Often all they can provide is a letter claiming that you entered into an agreement, Often they send you a blank agreement. You need THE ACTUAL instrument that establishes your liability.

    If they (or some agents of theirs) are harassing you by phone or at the door – then you should be charging for this service! It’s simple … formally revoke implied rights of access, set a price for consultation and ask them to respond within 28 days showing where in law they believe they have a right to tresspass or to be entertained in person – and where in law you must entertain them at your own cost.

    They cannot, so after 28 days you serve them notice of estoppel and reiterate your fees for entertaining them in person. By making use of this ‘service’ they become liable – and their liability to you simply offsets your alleged liability to them. In other words – you don’t even need to seek payment, you just let them know they have been billed as per the agreement.

    There are many approaches to debt. I find it best to slow them down, insist that they demonstrate every claim, never admit nor deny liability, never refuse nor agree payment. And do not suffer harassment freely.

    When they invariably pass it off to third parties, refuse the service. Let the collector know that liability has yet to be established and they will quickly pass it back to their client. You should NEVER pay these collection costs. At the same time … as agents, these collection agencies create a liability for the principal under your agreed fee schedule.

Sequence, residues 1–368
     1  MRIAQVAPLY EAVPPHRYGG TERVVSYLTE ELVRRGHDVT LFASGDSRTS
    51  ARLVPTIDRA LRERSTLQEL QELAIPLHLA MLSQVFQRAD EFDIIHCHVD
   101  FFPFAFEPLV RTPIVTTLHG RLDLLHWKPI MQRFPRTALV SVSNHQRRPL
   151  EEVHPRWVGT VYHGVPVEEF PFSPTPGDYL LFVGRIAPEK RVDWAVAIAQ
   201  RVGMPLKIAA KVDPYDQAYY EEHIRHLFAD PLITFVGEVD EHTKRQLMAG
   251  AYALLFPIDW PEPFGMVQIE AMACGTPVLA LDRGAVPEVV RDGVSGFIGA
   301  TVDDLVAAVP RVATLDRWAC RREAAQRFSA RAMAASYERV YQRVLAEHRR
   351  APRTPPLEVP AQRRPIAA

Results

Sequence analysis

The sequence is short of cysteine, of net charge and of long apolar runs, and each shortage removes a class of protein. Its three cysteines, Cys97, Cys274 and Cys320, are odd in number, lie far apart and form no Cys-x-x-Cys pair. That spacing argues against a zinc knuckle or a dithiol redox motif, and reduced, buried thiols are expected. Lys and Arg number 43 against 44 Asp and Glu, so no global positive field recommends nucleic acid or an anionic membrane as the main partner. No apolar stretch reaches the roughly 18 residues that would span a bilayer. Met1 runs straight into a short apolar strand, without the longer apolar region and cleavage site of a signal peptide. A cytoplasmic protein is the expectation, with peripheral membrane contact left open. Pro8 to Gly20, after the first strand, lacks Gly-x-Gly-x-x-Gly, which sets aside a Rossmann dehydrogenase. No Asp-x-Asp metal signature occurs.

An IVA should be a very last resort. Unfortunately, people that handle debts for you will usually accept all debts at face value. This is NOT in your interests.

    It’s amazing how many reductions you can get if the principal believes you might be about to enter voluntary bankruptcy for example. It is surprising how many times doorstep collectors will infringe your fee schedule and result in large offsets. Regularly, debts just get dropped if you doggedly insist on seeing the instrument which establishes your liability and don’t accept letters saying it exists or examples of the document you might have signed.

    The #1 rule is that you should never accept or deny liability – Debt Advice/Management will generally accept everything.

    The #2 rule is that you should demand actual proof of liability – Debt Advice/Management will just ask you “and do you owe this?” … you are NOT the person that should be answering that question. Debt management companies will simply sell you out – they don’t want the paperwork, they just want to reach agreement fast and take their cut.

    The #3 rule is that you should never refuse to pay, nor agree to pay according to some schedule. You cannot be taken to court if you are awaiting proof of liability. You can always offer to make payments on your own terms and should never enter into their default agreement as it binds you in the eyes of the law. Let THEM refuse YOUR offers – Debt Advice/Management will simply enter you into such default agreements and insist you keep up with payments.

    In short, a debt managemnent company IS NOT YOUR FRIEND. They are a quick route to a binding IVA agreement and set you on a precarious path to settle all accounts, in full, unquestioned… where one missed IVA payment can cancel the deal irrecoverably and denies you any other remedy.

    Essentially, for a cut they’ll happily set a noose about your neck and remove any flexibility or contestments you otherwise had in law. It’s a faustian bargain, whereby you contract your financial soul for a little certainty.